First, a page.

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Marketing and Comms
Consumers Worldwide Think Business Should Solve Environmental Problems

Research presented this morning at the SB London conference reveals that many of the world’s consumers lay the responsibility of solving global environmental issues mostly at the door of businesses.

Research presented this morning at the SB London conference reveals that many of the world’s consumers lay the responsibility of solving global environmental issues mostly at the door of businesses.

The research, funded by the Forest Stewardship Council (FSC) and presented this morning by FSC’s Chief Marketing Officer, Etienne McManus-White, showed that 80 percent of consumers agreed that companies should be responsible for fixing the environment. It also indicated that, while consumers better trust companies’ environmental claims when they are backed by certifications indicating that their products are responsibly sourced, certification marks are in turn more compelling to consumers when they are endorsed by trusted brands and environmental NGOs such as WWF and Greenpeace; the credibility of a certification seal together with the consumer equity of a trusted brand creates an influence that is greater than either group can exert on its own.

FSC’s Global Consumer Research Highlights aimed to profile the eco-conscious values and purchasing habits of global mainstream consumers; investigate loyalty to environmentally friendly brands; look at the influence of for-profit brands on purchasing of FSC-certified products; and investigate barriers to more sustainable behaviors.

The study, conducted by GfK with over 9,000 respondents in 11 countries, also showed that most consumers are concerned about environmental pollution and global climate change. Most consumers rated environmental pollution (84 percent) and global climate change (82 percent) a high concern — above-average concern was shown by consumers in Brazil, South Africa and India; below-average concern found in China, Hong Kong and Japan; and European and Australian consumers fell somewhere in the middle.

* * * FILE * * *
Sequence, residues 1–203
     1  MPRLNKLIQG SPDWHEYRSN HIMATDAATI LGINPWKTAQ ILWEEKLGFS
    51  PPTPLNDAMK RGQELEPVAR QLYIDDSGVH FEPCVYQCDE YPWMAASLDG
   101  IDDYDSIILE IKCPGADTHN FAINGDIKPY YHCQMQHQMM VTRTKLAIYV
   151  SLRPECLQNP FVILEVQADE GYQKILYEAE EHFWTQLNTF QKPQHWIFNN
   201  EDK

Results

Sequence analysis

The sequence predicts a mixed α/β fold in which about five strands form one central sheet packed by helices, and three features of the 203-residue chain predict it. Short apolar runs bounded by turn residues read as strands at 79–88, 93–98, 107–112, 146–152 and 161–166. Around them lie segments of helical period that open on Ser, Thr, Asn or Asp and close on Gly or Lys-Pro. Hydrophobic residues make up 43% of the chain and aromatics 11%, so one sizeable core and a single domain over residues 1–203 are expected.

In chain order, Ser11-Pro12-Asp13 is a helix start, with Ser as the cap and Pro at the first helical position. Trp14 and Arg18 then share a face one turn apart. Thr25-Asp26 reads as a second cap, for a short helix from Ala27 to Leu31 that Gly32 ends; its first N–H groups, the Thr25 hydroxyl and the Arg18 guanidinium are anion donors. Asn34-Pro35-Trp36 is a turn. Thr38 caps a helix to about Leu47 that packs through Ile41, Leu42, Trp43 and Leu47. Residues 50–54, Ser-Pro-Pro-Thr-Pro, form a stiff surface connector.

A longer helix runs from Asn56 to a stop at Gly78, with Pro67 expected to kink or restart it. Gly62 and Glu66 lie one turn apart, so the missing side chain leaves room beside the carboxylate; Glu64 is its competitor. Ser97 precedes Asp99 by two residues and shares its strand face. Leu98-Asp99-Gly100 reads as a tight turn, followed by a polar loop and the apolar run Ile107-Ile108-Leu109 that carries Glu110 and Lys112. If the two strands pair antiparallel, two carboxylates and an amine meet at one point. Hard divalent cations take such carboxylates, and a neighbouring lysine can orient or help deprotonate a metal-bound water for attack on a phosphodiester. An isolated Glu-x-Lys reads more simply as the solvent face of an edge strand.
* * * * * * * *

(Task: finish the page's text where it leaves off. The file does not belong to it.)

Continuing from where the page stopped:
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Globally, most consumers polled believed their purchases could make a difference and many intended to increase their eco-spending in the next year. 59 percent also said they were willing to pay more for eco-friendly products and 53 percent were less likely to switch from a environmentally friendly brand to a conventional one.

While more than three-quarters of consumers polled said they believed they could make a difference by increasing their spend on eco-friendly products, not surprisingly the likelihood of following through with this behavior increased if the consumer gained a direct benefit; making more conscious shopping decisions were less likely when the consumer had to invest time and energy into the behavior.

FSC’s business development director, Marcelle Peuckert, hailed the organization’s participation in SB London reflected the global recognition of FSC certification as a trusted mark of products sourced through responsibly managed forestry practices.

“With this research, FSC has gained crucial insights that demonstrate what we can all be doing to better reach global consumers and encourage more sustainable consumption habits,” said Peuckert. “Ensuring the health of our forests is the planet's best defense against climate change, and consumers have told us clearly that partnering with for-profit brands to share this message can be good for people, the planet and the bottom line.”

Stay tuned for more updates and highlights from SB London.